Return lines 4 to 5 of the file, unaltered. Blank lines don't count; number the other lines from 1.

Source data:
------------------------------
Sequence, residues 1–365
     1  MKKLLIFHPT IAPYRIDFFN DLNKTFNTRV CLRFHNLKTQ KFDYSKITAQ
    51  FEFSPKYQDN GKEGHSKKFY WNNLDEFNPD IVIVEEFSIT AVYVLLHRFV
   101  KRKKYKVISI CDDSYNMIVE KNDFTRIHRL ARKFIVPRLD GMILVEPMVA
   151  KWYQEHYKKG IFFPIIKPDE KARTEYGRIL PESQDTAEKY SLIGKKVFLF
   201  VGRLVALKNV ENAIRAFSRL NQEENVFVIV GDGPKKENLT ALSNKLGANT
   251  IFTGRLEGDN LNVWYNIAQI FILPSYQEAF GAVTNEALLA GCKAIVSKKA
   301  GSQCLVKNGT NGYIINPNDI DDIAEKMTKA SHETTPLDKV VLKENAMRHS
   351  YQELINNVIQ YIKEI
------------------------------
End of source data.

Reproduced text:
   101  KRKKYKVISI CDDSYNMIVE KNDFTRIHRL ARKFIVPRLD GMILVEPMVA
   151  KWYQEHYKKG IFFPIIKPDE KARTEYGRIL PESQDTAEKY SLIGKKVFLF